HM said the junior ranger program – made up of school-age children from Cosmo Newberry – aided regeneration by measuring, photographing, and recording the coordinates of trees pulled and planted.

“So when we go for our next license, we can show the government that all of this remanufacturing is happening from where we retired last year,” HM said.

Social sustainability

The harvested sandalwood is taken to the Dutjanh Sandalwood Oil distillery in Kalgoorlie, where the oil is extracted and sold to the international fragrance market.

Distillery CEO Guy Vincent, who recently returned from Miami’s World Perfumery Congress, said a combination of cultural management and scientific expertise was key to ensuring the sustainability of the wild sandalwood industry.

The bottle is held between the thumb and forefinger
A ranger holds a small bottle of Yilka country sandalwood oil in his hand.(ABC News: Madison Snow)

Vincent also said that Dutjanh, who was half owned by Aboriginal Australians and invested about 30% of the earnings in communities, and Yilka had clear commitments to social sustainability.

But he said the industry needed to do more in that space.

“Buying wood through groups like Yilka is economically and socially sustainable because we share our benefits,” said Vincent.

“[But] we are a very rare case in the industry “.

He stands in high visibility and points to the tree
Forest ranger Jessica Sullivan with a sandalwood tree in Yilka country.(Features: Bridie Hardy)

The WA government recently appointed an Aboriginal Sandalwood Advisory Group to help increase First Nations involvement in the industry.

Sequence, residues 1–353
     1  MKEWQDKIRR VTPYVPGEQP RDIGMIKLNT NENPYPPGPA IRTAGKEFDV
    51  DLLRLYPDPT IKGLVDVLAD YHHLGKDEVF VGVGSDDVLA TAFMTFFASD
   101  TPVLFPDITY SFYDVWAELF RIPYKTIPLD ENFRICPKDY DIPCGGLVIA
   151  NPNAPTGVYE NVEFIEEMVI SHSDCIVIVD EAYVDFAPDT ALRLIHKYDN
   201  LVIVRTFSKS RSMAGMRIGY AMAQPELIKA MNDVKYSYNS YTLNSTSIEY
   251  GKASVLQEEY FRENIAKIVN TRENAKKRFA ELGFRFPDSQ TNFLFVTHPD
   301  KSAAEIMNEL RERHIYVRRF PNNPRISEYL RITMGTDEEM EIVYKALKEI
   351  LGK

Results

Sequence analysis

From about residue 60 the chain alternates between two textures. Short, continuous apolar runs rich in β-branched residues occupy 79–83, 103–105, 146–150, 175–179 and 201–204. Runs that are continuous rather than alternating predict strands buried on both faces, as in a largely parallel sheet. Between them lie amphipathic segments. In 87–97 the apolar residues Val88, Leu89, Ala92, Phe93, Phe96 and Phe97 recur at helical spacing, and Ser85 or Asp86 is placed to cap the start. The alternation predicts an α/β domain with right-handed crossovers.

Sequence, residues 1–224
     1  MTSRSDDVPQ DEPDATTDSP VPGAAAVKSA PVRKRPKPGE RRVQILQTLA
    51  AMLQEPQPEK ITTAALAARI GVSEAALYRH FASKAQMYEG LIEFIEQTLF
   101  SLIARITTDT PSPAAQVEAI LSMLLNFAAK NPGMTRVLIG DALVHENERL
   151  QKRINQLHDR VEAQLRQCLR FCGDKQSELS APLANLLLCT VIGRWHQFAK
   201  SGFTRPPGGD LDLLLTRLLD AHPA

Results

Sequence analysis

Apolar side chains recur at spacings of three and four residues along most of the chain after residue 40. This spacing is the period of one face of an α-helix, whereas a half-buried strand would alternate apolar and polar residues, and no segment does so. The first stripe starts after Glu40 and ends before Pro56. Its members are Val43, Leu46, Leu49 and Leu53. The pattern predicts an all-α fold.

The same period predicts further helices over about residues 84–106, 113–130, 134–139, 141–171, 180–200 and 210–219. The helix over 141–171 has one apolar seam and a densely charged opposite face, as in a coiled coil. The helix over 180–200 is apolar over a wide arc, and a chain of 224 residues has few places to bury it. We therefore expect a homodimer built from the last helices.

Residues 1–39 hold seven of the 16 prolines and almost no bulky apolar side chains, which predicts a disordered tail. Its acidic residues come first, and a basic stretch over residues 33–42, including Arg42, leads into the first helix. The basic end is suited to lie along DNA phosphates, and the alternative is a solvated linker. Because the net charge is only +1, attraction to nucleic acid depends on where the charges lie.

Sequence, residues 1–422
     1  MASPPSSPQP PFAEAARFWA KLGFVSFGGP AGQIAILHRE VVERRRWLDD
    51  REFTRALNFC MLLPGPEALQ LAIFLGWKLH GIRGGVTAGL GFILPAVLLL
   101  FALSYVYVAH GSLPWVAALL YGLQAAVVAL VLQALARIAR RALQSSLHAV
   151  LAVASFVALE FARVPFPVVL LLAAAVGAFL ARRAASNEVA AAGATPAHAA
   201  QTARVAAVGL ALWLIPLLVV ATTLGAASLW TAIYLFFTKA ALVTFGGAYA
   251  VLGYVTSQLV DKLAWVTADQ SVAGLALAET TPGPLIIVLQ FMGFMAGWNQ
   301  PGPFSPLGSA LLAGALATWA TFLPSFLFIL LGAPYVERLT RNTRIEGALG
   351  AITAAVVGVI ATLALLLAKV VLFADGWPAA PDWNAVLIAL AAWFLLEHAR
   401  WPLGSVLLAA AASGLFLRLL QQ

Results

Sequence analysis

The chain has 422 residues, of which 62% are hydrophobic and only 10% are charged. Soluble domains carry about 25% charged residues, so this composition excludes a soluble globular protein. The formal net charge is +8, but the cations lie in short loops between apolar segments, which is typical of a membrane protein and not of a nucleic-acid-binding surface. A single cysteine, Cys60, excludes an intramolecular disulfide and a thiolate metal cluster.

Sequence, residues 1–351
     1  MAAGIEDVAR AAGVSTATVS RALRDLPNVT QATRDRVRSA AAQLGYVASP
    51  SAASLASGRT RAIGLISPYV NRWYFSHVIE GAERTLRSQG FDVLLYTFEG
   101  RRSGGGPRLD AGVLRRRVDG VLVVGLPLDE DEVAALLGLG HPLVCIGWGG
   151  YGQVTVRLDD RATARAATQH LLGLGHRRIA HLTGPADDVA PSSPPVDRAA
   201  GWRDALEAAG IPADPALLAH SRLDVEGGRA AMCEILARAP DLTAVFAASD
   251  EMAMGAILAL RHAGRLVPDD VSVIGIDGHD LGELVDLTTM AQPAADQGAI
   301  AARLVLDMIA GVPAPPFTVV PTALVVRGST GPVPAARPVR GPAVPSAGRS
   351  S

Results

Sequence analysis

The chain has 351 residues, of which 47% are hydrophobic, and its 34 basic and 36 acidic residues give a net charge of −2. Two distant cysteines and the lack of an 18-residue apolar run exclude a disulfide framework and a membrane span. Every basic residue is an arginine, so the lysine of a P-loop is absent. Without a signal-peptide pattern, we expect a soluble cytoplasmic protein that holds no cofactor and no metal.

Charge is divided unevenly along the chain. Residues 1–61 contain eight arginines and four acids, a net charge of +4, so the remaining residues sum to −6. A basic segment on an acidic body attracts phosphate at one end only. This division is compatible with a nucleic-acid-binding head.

He said he increased the quota of wild sandalwood available to Aboriginal people seeking a license last year by reducing the FPC quota.

He also said that social sustainability was among the criteria that wild sandalwood quantities would be revised again by 2026.

‘You can walk in freedom’

Ranger Lyall Westlake said he felt at peace in the countryside.

He has curly hair and a mask tucked under his beard
Lyall Westlake says he loves working in the countryside.(ABC News: Emily Smith)

“The earth is really perfect,” he said, standing under rain clouds on Great Central Road.

“You can smell the breeze. Smell the wind.”

He said it was different from the city where there were more cars and people.

“You don’t know who comes and goes,” he said.

“But here you can walk freely.”

Fellow ranger Gwenetta Westlake said she loved working with her younger sister, Chelsea.

Two women stand next to each other smiling on a bare, flat piece of land
Gwenetta and Chelsea Westlake love their ranger job.(ABC News: Madison Snow)

“She always chases me, wherever I go because she is my little sister,” he said.

Cosmo Newberry residents are among the 45 rangers HM has on the books to manage the sandalwood operation, as well as cool burns and take care of cultural sites.

A ranger is depicted from behind, as flames leap in the shot
Rangers conduct cold burns in the village of Yilka.(ABC News: Madison Snow)

HM said the job provided alternative jobs to the local mining industry and was culturally more suited to many of the people involved.

He said a well-run industry could pave the way for a better future for many residents.

“Taking care of the country is the most important thing for us,” he said.

“If we don’t, we don’t exist.”